Coalition infighting delays bill to limit powers of president
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Coalition infighting delays bill to limit powers of president

Kulanu, Jewish Home and Shas said to object to clause obligating president to tap leader of largest party as PM

President Reuven Rivlin addresses the Knesset at the opening of the winter session, October 12, 2015. (Miriam Alster/Flash90)
President Reuven Rivlin addresses the Knesset at the opening of the winter session, October 12, 2015. (Miriam Alster/Flash90)

A vote on a bill that would limit the powers of the president in deciding who to task with forming a government was postponed Saturday due to disagreements within the coalition over the wording of the legislation.

According to the Walla news site, the coalition agrees the president should be able to ask only a party leader to form a government. However, the Kulanu, Jewish Home and Shas parties were all said to object to a clause that would obligate the president to tap the party leader with the highest number of candidates and with the “highest chance” of successfully forming a government.

Coalition sources told the news outlet that deliberation on the bill will be delayed until Prime Minister Benjamin Netanyahu can discuss the proposal with party leaders, after their planned meeting this week was postponed due to the premier’s trip to Paris.

The amendment to a Basic Law was proposed by coalition chair David Amsalem (Likud) due to claims that President Reuven Rivlin was looking at the possibility of asking Gideon Sa’ar, a potential challenger to Netanyahu in the next elections, to form a government.

Prime Minister Benjamin Netanyahu (right) speaking with then-Education Minister Gideon Sa’ar in the Knesset, October 16, 2012. (Miriam Alster/Flash 90)

Sa’ar was a rising star in Likud until he took a break from politics in 2014. Analysts consider him a top contender for the premiership in a post-Netanyahu era, and he continues to enjoy high popularity among Likud activists. Sa’ar has expressed the intention of running for the leadership, not only of Likud, but of the entire country.

According to current law, after elections, the president consults with the heads of all factions before asking the party leader deemed to have the best chance of forming a government to begin negotiations with potential coalition partners. The leader tasked with forming a government is generally the one who receives the most recommendations from other parties, and is usually — but not necessarily — the head of the party that has won the largest number of seats.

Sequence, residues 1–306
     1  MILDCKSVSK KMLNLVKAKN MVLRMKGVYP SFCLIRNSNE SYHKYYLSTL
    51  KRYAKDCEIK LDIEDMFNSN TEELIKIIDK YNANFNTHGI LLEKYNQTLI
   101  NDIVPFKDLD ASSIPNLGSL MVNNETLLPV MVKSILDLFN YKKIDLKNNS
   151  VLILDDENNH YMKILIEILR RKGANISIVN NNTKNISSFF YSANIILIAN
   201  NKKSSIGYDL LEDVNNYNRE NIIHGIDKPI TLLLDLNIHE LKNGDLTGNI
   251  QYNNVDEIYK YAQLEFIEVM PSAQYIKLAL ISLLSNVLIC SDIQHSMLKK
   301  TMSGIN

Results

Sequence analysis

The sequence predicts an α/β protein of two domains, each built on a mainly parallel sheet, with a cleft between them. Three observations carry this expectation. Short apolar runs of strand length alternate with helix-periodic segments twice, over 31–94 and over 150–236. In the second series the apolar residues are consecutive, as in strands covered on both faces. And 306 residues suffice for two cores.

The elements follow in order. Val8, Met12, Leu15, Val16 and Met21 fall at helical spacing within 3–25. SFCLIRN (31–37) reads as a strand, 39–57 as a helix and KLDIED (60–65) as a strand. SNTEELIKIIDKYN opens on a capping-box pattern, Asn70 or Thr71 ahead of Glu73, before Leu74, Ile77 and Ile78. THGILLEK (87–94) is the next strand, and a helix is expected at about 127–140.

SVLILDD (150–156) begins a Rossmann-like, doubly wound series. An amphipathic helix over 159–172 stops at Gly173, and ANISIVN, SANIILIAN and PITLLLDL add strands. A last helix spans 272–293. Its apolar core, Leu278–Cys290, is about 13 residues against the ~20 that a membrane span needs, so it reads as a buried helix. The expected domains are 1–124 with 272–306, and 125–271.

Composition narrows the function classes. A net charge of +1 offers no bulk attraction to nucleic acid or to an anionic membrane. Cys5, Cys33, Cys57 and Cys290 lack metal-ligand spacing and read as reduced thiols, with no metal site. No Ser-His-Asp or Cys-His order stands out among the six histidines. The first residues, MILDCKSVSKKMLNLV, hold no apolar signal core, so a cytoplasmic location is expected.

Rumors of the purported planned “coup” by Sa’ar were reportedly the reason Netanyahu has been delaying a decision on bringing forward the 2019 elections.

According to a report in the pro-Netanyahu Israel Hayom newspaper last month, the prime minister had recently decided to dissolve the Knesset during the first few days of its winter session, but then received word from associates and officials within the Likud party that Rivlin would not task him with forming a new government after the elections, due to concerns relating to the criminal investigations into him.

The report said that leaders of other parties could also condition their participation in the government on it being led by someone other than Netanyahu.

According to the report, Rivlin was mulling the possibility of tasking someone other than Netanyahu with forming the government — another MK within Likud, if the party wins resoundingly, or a lawmaker from another party, if the margin of victory is narrower — in light of the ongoing corruption investigations against the prime minister.

Since becoming president in 2015, Rivlin has publicly differed with Netanyahu on a number of hot-button issues, though he has refrained from directly attacking the prime minister. The president has also been outspoken in defending various institutions from attacks by Netanyahu and his allies.

Prime Minister Benjamin Netanyahu and President Reuven Rivlin attend a ceremony awarding outstanding soldiers as part of Israel’s 70th Independence Day celebrations, at the President’s residence in Jerusalem, April 19, 2018 (Yonatan Sindel/Flash90)

Rivlin dismissed the coup report claim as “paranoia,” while Sa’ar called it a “ridiculous conspiracy theory.”

In 2009, Netanyahu became prime minister after opposition leader Tzipi Livni was unable to form a coalition, despite her Kadima Party winning the most seats.

Netanyahu is under investigation for corruption in three separate cases, and lawmakers close to him have launched repeated attacks on the press and police, proposing various pieces of legislation to limit their ability to report on or investigate public figures, respectively.

Opposition Leader Tzipi Livni speaks during the plenary session of the opening day of the winter session at the Knesset, on October 15, 2018 (Hadas Parush/Flash90)

In two cases, dubbed 1000 and 2000, police have already recommended bribery indictments against the prime minister.

Netanyahu is also suspected of advancing regulatory decisions as communications minister and as prime minister that benefited Shaul Elovitch, the controlling shareholder in Bezeq, the country’s largest telecommunications firm, in an investigation known as Case 4000.

Netanyahu denies any wrongdoing.

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